Chapter 29 _ Business Cycles, Unemployment, and Inflation _ ECON 2020.pdf - \u201c\u200bOur goal in this chapter is to examine the concepts terminology and

Chapter 29 _ Business Cycles, Unemployment, and Inflation _ ECON 2020.pdf

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Our goal in this chapter is to examine the concepts, terminology, and facts relating to macroeconomic instability. Specifically, we want to discuss the business cycle, unemployment, and inflation. The concepts discussed are extremely important for understanding subsequent chapters on economic theory and economic policy.” 29.1 [The Business Cycle]: Describe the business cycle and its primary phases. The long-run trend of the U.S. economy is one of economic growth, as stylized by the upsloping line labeled “Growth Trend” in Figure 29.1. But growth has been interrupted by periods of economic instability usually associated with business cycles . Business cycles are alternating rises and declines in the level of economic activity, sometimes over several years. Individual cycles (one “up” followed by one “down”) vary substantially in duration and intensity. At a peak , such as the middle peak shown in Figure 29.1, business activity has reached a temporary maximum. Here the economy is near or at full employment and the level of real output is at or very close to the economy’s capacity. The price level is likely to rise during this phase. A recession is a period of decline in total output, income, and employment. This downturn, which lasts 6 months or more, is marked by the widespread contraction of business activity in many sectors of the economy. Along with declines in real GDP, significant increases in unemployment occur. In the trough of the recession or depression, output and employment “bottom out” at their lowest levels. The trough phase may be either short-lived or quite long. A recession is usually followed by a recovery and expansion , a period in which real GDP, income, and employment rise. At some point, the economy again approaches full employment. If spending then expands more rapidly than does production capacity, prices of nearly all goods and services will rise. In other words, inflation will occur. A key issue in macroeconomics is why the economy sees business cycle fluctuations rather than slow, smooth growth. In terms of Figure 29.1, why does output move up and down rather than just staying on the smooth growth trend line? Economists have developed several possible explanations. But before turning to them, recall that in Chapter 26 we explained that these theories are founded on the idea that fluctuations are driven by shocks—unexpected events that individuals and firms may have trouble adjusting to. Also recall that short-run price stickiness is widely believed to be a major factor preventing the economy from rapidly adjusting to shocks. With prices sticky in the short run, price changes cannot quickly equalize the quantities demanded of goods and services with their respective quantities supplied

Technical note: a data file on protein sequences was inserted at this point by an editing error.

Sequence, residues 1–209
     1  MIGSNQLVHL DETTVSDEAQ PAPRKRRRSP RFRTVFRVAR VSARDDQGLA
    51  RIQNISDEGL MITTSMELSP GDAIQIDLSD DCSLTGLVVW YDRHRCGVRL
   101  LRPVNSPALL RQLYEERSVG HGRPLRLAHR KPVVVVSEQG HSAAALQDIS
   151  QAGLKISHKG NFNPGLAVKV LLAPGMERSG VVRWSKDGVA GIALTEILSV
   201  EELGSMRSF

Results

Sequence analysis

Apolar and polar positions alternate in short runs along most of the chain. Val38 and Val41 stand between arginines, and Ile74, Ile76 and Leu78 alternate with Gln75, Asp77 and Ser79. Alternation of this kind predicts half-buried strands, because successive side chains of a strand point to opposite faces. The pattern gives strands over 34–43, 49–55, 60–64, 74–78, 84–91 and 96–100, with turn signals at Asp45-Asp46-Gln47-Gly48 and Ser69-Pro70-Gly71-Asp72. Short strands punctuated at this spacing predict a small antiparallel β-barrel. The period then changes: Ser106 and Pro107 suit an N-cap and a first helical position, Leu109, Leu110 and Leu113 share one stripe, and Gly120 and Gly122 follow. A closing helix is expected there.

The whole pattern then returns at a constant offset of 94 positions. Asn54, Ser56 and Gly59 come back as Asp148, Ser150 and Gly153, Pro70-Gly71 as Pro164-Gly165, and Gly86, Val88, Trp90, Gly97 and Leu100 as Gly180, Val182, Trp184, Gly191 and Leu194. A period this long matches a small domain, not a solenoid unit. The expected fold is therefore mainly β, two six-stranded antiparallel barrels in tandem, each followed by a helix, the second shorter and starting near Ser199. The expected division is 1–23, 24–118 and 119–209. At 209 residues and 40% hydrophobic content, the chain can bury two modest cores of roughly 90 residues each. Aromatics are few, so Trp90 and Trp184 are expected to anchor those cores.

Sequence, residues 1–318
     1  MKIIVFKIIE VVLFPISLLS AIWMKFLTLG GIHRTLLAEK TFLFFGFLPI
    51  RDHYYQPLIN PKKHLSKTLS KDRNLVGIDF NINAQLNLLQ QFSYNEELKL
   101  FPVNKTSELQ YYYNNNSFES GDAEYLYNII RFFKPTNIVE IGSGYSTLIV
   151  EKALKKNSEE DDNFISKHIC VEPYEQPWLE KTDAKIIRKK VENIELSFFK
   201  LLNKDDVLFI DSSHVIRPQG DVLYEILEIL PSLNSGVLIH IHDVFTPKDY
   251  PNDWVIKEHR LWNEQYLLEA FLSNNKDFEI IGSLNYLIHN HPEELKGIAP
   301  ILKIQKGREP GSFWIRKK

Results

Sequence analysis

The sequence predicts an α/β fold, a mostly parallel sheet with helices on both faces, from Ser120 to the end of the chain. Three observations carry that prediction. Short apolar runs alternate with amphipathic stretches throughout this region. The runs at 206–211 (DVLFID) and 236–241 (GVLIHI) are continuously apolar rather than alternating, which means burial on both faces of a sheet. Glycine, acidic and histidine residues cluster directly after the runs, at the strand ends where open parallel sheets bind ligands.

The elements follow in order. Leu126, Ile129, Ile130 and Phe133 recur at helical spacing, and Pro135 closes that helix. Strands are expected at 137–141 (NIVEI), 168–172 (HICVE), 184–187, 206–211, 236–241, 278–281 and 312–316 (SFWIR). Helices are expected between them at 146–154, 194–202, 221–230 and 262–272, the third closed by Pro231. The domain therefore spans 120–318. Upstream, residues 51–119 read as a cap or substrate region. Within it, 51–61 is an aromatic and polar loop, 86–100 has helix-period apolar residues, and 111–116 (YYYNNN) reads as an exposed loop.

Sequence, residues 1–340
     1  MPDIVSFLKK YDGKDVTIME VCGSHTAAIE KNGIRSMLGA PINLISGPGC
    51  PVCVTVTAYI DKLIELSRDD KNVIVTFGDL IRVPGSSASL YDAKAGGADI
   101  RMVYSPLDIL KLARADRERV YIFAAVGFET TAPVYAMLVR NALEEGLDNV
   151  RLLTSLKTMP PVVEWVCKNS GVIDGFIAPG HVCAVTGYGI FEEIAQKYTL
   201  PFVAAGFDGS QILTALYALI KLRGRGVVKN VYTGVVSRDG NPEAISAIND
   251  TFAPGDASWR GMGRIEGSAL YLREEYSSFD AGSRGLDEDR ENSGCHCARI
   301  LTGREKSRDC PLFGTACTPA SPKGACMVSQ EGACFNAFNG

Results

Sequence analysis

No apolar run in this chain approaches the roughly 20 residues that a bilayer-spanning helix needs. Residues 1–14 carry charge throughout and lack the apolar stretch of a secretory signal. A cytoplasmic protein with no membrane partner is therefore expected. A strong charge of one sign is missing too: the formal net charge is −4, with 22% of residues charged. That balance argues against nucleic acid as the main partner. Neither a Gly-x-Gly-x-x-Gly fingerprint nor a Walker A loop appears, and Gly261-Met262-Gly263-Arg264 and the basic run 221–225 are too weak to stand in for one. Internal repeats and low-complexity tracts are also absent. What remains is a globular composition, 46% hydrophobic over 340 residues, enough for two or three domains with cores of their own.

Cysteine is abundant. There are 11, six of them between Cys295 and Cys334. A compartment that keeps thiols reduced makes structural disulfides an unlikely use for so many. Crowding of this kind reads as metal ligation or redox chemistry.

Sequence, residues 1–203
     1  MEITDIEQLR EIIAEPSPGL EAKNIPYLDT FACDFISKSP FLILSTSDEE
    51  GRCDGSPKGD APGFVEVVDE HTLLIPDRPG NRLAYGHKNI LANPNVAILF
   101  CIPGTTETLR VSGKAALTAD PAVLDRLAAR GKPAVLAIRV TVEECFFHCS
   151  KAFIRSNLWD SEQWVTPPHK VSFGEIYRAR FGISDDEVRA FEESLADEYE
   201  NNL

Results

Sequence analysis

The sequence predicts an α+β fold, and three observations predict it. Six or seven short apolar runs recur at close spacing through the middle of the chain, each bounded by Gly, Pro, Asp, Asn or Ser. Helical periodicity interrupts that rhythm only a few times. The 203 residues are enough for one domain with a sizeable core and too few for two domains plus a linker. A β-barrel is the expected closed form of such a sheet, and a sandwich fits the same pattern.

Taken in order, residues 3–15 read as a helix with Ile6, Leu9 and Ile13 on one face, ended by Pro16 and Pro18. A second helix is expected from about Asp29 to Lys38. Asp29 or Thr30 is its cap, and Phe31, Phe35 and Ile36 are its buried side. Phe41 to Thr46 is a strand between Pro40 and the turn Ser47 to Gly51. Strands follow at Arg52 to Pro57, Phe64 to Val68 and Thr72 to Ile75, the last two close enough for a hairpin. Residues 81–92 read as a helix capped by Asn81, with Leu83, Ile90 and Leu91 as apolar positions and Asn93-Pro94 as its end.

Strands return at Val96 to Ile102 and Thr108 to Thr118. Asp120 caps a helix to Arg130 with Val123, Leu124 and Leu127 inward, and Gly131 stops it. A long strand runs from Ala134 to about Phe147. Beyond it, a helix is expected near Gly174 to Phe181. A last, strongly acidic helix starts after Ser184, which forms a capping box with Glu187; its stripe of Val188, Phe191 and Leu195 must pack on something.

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after a shock has happened. Instead, the economy is forced to respond to shocks in the short run primarily through changes in output and employment rather than through changes in prices.
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